(redirected from ecclesiastically)
Also found in: Dictionary, Thesaurus, Encyclopedia.

ECCLESIASTICAL. Belonging to, or set apart for the church; as, distinguished from civil or secular. Vide Church.

A Law Dictionary, Adapted to the Constitution and Laws of the United States. By John Bouvier. Published 1856.
References in periodicals archive ?
Ideas of universality pervaded his thought and inspired his performance pedagogically, academically, and ecclesiastically. The music of Bruckner, which was ecclesiastical music par excellence, emerged from the composer's personal piety and church commitment; Bruckner essentially translated church-based activity into musical terms.
In Bourgeois's estimation the intentions of proponents of the institutional church were "in part charitable and in part socially and ecclesiastically conservative" (72).
His "Report on Ecclesiastically Independent Theological Education," released by the Rockefeller Foundation in 1976, was also a notable contribution.
There are even some theological voices in Orthodoxy which attribute an ecclesiological relevance to the WCC in addition to its ecclesiastically neutral or merely "serving" function--or precisely for that reason.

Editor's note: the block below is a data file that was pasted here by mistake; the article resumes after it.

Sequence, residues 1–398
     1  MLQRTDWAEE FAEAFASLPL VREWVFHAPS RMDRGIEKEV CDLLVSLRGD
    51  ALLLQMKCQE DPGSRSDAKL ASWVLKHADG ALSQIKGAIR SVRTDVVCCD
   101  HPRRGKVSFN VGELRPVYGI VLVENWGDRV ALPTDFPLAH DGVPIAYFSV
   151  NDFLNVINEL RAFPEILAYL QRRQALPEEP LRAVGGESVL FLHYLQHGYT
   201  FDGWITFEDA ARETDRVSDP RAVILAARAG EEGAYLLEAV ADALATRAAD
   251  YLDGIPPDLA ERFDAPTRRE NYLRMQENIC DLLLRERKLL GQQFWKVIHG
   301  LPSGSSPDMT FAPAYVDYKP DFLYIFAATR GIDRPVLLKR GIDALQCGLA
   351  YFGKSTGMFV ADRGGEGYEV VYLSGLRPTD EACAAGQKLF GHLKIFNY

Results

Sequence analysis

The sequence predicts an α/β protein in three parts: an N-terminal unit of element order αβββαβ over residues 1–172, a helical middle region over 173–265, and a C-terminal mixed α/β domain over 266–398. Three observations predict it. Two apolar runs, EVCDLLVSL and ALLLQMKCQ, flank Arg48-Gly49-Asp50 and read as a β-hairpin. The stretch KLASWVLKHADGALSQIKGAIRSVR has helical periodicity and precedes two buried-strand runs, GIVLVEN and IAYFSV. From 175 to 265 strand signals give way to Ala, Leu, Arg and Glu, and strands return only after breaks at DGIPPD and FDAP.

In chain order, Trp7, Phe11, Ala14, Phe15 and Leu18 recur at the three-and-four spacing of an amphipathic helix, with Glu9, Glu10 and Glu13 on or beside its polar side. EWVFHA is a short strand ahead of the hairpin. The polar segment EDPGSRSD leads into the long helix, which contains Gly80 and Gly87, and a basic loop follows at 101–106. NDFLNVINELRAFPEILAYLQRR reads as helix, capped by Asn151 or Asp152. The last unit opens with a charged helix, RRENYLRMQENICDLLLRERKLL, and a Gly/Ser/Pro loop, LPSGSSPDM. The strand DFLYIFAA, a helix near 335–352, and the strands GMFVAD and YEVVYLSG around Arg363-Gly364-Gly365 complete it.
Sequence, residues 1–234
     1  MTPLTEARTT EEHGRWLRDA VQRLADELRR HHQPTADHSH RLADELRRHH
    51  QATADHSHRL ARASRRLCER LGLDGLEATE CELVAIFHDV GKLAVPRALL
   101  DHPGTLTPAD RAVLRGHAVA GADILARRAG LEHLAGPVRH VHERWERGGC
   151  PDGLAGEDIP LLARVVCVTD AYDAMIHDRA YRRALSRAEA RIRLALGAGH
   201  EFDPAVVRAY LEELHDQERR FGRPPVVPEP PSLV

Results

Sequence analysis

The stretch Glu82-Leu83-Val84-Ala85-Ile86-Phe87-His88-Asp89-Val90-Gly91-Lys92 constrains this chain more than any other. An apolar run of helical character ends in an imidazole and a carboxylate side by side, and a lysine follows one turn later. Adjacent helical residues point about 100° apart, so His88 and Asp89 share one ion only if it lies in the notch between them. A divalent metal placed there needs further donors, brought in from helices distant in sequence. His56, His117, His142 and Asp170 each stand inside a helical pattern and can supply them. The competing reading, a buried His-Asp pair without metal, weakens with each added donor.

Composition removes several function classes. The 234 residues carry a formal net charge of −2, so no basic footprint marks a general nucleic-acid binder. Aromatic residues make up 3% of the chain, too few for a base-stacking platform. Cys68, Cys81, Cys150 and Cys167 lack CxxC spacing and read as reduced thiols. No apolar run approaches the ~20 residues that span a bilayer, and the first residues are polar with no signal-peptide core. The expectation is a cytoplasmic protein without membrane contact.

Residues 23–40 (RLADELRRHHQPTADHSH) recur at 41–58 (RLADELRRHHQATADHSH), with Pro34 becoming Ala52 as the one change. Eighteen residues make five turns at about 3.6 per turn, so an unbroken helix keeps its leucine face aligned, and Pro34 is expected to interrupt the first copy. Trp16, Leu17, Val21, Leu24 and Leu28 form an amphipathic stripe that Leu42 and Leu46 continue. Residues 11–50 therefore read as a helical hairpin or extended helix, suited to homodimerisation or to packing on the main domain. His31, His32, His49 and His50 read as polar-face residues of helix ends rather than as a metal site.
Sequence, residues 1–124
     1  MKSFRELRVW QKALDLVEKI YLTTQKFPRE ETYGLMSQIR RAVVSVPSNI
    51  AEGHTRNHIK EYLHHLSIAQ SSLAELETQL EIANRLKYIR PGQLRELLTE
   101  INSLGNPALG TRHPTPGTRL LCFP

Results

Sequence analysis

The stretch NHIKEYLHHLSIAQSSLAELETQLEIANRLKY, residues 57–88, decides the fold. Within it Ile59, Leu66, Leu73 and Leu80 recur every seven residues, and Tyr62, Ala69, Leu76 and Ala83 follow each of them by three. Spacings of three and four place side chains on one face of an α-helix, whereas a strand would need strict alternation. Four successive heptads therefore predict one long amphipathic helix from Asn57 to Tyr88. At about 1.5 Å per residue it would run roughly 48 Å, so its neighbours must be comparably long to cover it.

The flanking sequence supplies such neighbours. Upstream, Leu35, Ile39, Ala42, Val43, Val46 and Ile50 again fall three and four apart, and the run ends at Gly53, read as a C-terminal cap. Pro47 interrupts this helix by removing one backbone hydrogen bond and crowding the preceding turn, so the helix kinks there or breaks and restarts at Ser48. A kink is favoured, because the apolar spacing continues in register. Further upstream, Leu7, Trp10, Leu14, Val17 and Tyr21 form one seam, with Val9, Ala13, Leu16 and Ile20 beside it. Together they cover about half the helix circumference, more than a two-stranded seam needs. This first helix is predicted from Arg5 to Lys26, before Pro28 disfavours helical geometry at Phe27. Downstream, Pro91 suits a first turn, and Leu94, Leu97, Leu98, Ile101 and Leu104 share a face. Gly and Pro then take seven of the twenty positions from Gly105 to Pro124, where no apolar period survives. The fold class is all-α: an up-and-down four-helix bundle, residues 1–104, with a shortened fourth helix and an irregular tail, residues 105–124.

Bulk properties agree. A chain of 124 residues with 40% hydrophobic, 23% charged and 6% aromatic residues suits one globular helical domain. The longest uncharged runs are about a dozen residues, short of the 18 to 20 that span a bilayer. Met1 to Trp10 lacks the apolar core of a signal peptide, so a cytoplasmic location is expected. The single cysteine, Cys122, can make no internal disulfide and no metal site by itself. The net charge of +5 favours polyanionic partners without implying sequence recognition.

Yet by 1700, when the settlement had grown into a fair-sized town of perhaps 14,000 people, the situation had not altered, ecclesiastically speaking.
"World" was even more pretentious, but ecclesiastically more modest.
A major transition was underway, from ecclesiastically delegated and controlled apostolates of caring for Catholics in large Catholic institutions attached to monastic-style convents to more individualized ministries in situations of need regardless of the denominational affiliation or lack thereof, ability to pay, or respectability of the recipients.
Joon-Sik Park's essay on Anabaptist John Howard Yoder is a reminder that even "the least of these," ecclesiastically speaking, brings gifts of inestimable value to the larger world church.
Then in 1968, in the wake of turbulent student strikes and civil disobedience in Germany and France, Ratzinger underwent an intellectual conversion that drew him politically and ecclesiastically to conservative positions.
(63) In fact, in the late middle Byzantine period, at a time when female deacons had presumably devolved to a nonordained monastic order, Balsamon summed up their duties in just this way in a letter to Patriarch Mark III of Alexandria: "they ecclesiastically manage the gynaeceum." (64)
This unity, however, is not a matter of compromise, nor is it a matter of fait-accompli, or imposition of decisions through methods that are morally and ecclesiastically unacceptable.